Calling the American West "Home"

In Going Home, the faces behind CIRCA share our personal stories of the old houses and historic places that have shaped our lives. Today, Cristiana shares her thoughts on her home in the Black Hills of South Dakota. As an added bonus, we’ve thrown in some old houses for sale around the area! (Photo above shows the City of Deadwood c. 1900, and is courtesy of the Library of Congress.)
Setting: Home improvement store, Midwestern U.S., holiday time. Me: “He wished me luck! He said he didn’t have the part we need but actually wished me luck finding it somewhere else … PEOPLE HERE ARE SO NICE!” Stereotype though it may be, city folk can be a bit … direct. Exceedingly so. Having been in New York, now, for 7+ years, I’ve become more fluent in the language of gruff shopkeepers (“harumph” = we may have that item you need, but I’m too engrossed in reading my horoscope to acknowledge your existence). So it’s an annual tradition of mine, whenever I experience a bit of Midwestern hospitality, to be overcome by a Mayberry-type admiration for “home”: the Black Hills of South Dakota.


The long drive home for the holidays.

In the typical — and naive — child’s fashion, it took me leaving home to realize what a special place the Black Hills region is. I left South Dakota when I was 18, trekking eastward for college, then grad school and, now, life in New York City. But every year, in December, I venture back home for the holidays. This year, our 10-day vacation provided ample time to re-discover Rapid City, the region’s anchor and state’s second-largest city, along with the gorgeous northern hills.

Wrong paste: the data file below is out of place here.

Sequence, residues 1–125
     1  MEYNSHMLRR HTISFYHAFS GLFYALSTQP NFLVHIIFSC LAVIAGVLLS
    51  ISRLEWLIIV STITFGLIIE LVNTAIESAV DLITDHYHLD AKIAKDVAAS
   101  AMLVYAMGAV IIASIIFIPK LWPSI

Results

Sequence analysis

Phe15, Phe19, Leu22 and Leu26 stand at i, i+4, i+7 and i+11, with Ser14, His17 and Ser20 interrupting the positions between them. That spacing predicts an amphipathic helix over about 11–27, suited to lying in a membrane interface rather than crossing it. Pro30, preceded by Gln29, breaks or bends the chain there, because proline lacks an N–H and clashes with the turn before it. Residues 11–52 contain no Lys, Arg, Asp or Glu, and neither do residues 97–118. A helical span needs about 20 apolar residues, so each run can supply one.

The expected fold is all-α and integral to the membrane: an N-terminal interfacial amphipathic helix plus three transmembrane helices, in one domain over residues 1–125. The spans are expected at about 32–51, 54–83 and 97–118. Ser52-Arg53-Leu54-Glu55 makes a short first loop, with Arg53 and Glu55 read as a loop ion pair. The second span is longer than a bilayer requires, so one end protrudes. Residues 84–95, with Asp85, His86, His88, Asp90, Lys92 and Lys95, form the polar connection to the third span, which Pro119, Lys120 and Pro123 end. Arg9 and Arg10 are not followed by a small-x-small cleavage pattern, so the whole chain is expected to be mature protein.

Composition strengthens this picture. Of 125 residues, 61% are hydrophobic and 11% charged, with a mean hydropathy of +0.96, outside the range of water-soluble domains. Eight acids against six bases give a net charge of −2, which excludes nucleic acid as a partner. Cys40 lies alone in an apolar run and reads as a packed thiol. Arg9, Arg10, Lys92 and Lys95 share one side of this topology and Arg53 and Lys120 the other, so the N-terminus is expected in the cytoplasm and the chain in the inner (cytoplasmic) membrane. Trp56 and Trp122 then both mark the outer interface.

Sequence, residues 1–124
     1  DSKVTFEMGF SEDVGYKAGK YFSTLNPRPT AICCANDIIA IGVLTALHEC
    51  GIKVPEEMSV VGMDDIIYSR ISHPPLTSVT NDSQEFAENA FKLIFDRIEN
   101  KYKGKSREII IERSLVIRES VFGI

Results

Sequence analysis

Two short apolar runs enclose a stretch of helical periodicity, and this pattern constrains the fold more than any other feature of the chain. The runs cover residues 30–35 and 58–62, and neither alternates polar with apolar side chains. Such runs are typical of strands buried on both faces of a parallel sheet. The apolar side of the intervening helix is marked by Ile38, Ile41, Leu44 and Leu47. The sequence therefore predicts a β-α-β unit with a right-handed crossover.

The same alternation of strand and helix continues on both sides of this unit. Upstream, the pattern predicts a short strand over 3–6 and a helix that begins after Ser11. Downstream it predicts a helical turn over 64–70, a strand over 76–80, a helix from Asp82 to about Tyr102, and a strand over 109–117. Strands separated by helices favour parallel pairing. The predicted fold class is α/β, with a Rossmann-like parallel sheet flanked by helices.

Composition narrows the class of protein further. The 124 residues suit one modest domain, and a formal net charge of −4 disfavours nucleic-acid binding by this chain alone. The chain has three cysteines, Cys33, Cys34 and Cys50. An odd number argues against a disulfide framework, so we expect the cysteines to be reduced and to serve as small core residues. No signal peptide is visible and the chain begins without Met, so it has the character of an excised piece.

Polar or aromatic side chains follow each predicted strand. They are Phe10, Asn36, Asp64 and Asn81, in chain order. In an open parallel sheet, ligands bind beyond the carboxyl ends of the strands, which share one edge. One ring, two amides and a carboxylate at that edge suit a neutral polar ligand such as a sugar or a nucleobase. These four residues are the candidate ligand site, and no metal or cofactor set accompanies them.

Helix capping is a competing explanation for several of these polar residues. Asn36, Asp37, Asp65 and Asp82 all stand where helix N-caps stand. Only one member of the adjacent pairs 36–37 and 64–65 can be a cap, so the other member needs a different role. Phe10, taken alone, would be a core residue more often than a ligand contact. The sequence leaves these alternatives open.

Downtown Rapid City still maintains the charm of its mercantile roots. As the gateway to the Black Hills, where dreams of striking it rich in gold mining were the norm, Rapid (we locals drop the City … too cumbersome *wink*) was a town of trade and commerce.

The Clower Building in downtown Rapid City.

The Clower Building houses Prairie Edge, which specializes in artisanal goods made by and celebrating the culture of the Lakota Sioux Indian tribe, and features architectural flourishes to enhance the humble brick foundations and out-of-the-way locale.

The Clock Shop Building with its iconic onion dome.

The former Clock Shop building, with its onion dome, exemplifies this tactic. You can imagine how fanciful this seemed to me as a kiddo! And the historic Hotel Alex Johnson reigns over the scene as the second tallest building in downtown (at a whopping 10 stories). Oh, and did I mentioned it’s haunted? No visit home is complete without a drive up West Boulevard, which became the desirable address in the late 19th and early 20th centuries, and the historic homes lining the drive still impress.